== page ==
Jewelers and precious stone and metal workers held about 39,800 jobs in 2014. The industries that employed the most jewelers and precious stone and metal workers were as follows:
Clothing and clothing accessories stores
Jewelry and silverware manufacturing
Merchant wholesalers, durable goods
About 4 in 10 were self-employed in 2014. Some work from home and sell their products at trade and craft shows on weekends. Online sales are also a growing source of sales for jewelers.
Most wage and salary workers in this occupation are employed in jewelry stores, repair shops, and manufacturing plants.
Jewelers and precious stone and metal workers spend much of their time at a workbench, although computers are also becoming an increasingly important tool in the jewelry industry as computer-aided design (CAD) can save workers time and resources. Many tools, such as jeweler's torches and lasers, must be handled carefully to avoid injury. Polishing processes such as chemical baths also must be performed in a safe manner.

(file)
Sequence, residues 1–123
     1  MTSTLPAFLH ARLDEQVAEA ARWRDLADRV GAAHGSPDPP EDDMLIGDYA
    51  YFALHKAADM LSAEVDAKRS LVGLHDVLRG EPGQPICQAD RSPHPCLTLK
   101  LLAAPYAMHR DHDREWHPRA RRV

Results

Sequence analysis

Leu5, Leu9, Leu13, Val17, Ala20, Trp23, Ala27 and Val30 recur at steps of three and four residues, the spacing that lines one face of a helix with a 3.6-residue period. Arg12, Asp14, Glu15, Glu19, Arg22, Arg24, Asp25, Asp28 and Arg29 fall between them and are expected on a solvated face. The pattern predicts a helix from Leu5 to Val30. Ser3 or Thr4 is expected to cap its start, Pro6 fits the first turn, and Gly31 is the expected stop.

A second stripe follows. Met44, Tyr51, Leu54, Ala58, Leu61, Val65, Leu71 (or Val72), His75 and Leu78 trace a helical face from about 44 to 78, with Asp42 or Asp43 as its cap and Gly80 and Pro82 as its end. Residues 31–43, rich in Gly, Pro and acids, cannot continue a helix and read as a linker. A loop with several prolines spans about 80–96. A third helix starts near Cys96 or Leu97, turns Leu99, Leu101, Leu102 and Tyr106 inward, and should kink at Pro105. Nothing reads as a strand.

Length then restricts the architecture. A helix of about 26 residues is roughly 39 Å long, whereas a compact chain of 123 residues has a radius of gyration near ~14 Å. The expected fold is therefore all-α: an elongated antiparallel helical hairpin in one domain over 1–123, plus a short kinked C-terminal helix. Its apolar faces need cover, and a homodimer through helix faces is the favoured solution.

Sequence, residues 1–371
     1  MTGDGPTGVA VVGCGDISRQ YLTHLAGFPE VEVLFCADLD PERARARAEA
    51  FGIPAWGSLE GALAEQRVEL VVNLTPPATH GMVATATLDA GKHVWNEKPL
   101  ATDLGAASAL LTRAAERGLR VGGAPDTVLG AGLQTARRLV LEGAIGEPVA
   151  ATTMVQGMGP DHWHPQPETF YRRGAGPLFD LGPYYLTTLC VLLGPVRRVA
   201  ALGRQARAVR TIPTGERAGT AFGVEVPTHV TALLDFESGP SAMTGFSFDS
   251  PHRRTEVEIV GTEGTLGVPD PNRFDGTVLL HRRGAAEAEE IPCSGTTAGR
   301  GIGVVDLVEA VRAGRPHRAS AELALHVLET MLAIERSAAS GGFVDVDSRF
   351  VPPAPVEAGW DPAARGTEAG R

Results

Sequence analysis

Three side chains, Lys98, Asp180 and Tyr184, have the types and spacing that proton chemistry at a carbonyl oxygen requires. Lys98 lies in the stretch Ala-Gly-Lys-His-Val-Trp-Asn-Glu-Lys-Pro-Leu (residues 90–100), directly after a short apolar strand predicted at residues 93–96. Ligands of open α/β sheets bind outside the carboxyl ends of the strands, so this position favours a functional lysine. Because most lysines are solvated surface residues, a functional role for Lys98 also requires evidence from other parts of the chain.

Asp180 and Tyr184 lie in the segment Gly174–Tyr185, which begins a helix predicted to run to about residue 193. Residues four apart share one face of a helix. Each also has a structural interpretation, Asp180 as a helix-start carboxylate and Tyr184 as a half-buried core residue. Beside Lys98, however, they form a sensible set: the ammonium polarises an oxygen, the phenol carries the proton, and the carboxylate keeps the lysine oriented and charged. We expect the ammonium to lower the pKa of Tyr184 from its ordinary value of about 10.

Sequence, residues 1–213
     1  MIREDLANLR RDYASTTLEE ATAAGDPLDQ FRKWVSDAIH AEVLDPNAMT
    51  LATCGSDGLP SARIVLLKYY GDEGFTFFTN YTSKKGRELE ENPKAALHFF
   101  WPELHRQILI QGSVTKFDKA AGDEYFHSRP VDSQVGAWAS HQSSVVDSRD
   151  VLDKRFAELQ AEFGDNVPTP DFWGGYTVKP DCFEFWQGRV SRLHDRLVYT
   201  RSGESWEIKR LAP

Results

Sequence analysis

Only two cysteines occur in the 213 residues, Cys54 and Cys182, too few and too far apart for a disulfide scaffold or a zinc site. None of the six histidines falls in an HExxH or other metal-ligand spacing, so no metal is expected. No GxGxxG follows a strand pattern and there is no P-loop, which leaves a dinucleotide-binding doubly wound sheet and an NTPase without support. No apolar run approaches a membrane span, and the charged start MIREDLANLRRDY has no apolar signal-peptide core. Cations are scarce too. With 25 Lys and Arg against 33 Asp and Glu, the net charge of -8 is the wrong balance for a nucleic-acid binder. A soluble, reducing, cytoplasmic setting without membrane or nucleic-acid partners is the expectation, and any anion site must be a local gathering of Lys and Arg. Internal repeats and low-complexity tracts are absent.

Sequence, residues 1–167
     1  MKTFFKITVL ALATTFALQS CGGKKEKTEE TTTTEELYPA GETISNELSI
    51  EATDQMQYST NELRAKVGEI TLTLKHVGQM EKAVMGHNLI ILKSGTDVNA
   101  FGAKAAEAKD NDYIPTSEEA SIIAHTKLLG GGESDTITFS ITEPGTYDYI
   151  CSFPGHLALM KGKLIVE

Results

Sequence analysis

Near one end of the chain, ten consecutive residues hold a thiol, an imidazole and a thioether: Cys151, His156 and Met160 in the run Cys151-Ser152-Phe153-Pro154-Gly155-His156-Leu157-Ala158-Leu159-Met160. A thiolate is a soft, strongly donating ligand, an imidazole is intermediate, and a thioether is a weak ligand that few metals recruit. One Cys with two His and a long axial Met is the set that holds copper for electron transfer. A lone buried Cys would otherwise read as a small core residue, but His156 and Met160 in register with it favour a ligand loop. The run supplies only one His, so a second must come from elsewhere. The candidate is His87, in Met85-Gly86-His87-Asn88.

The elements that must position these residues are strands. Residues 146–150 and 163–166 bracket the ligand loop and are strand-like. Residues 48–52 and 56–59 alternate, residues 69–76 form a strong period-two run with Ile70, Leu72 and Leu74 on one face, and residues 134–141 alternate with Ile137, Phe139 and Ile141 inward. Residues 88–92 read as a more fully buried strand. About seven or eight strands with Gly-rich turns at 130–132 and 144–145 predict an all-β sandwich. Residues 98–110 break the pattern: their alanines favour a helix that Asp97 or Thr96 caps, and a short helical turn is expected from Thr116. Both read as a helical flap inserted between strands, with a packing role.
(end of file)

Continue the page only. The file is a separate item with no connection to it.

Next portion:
In retail stores, jewelers may talk with customers about repairs, perform custom design work, and sell items to customers. Because many of their materials are valuable, jewelers must follow security procedures, including making use of burglar alarms and, in larger jewelry stores, working in the presence of security guards.
Jewelers and precious stone and metal workers have varied work schedules. Self-employed workers often decide their own hours, and many work weekends, showing and selling their products at trade and craft shows. Retail store workers might also work nonstandard hours because they must be available when customers are not working, such as on holidays and weekends. About 1 in 4 worked part time in 2014.